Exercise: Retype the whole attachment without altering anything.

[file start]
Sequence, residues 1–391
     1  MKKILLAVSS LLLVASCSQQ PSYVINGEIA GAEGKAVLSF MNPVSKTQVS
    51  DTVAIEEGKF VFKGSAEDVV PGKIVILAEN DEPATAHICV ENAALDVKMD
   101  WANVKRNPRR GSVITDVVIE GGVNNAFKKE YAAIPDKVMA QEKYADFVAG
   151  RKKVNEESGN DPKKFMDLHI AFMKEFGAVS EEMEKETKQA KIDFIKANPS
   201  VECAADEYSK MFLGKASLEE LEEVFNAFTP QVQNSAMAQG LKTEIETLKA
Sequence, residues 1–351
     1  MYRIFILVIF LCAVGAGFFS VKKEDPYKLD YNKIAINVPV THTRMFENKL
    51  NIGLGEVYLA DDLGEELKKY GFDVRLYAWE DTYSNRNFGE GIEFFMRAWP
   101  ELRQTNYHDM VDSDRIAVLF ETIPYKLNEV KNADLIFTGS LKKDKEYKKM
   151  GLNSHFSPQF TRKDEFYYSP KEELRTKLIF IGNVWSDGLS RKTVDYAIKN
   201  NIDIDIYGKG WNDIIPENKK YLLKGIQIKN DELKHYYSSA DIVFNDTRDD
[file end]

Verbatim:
Sequence, residues 1–391
     1  MKKILLAVSS LLLVASCSQQ PSYVINGEIA GAEGKAVLSF MNPVSKTQVS
    51  DTVAIEEGKF VFKGSAEDVV PGKIVILAEN DEPATAHICV ENAALDVKMD
   101  WANVKRNPRR GSVITDVVIE GGVNNAFKKE YAAIPDKVMA QEKYADFVAG
   151  RKKVNEESGN DPKKFMDLHI AFMKEFGAVS EEMEKETKQA KIDFIKANPS
   201  VECAADEYSK MFLGKASLEE LEEVFNAFTP QVQNSAMAQG LKTEIETLKA
Sequence, residues 1–351
     1  MYRIFILVIF LCAVGAGFFS VKKEDPYKLD YNKIAINVPV THTRMFENKL
    51  NIGLGEVYLA DDLGEELKKY GFDVRLYAWE DTYSNRNFGE GIEFFMRAWP
   101  ELRQTNYHDM VDSDRIAVLF ETIPYKLNEV KNADLIFTGS LKKDKEYKKM
   151  GLNSHFSPQF TRKDEFYYSP KEELRTKLIF IGNVWSDGLS RKTVDYAIKN
   201  NIDIDIYGKG WNDIIPENKK YLLKGIQIKN DELKHYYSSA DIVFNDTRDD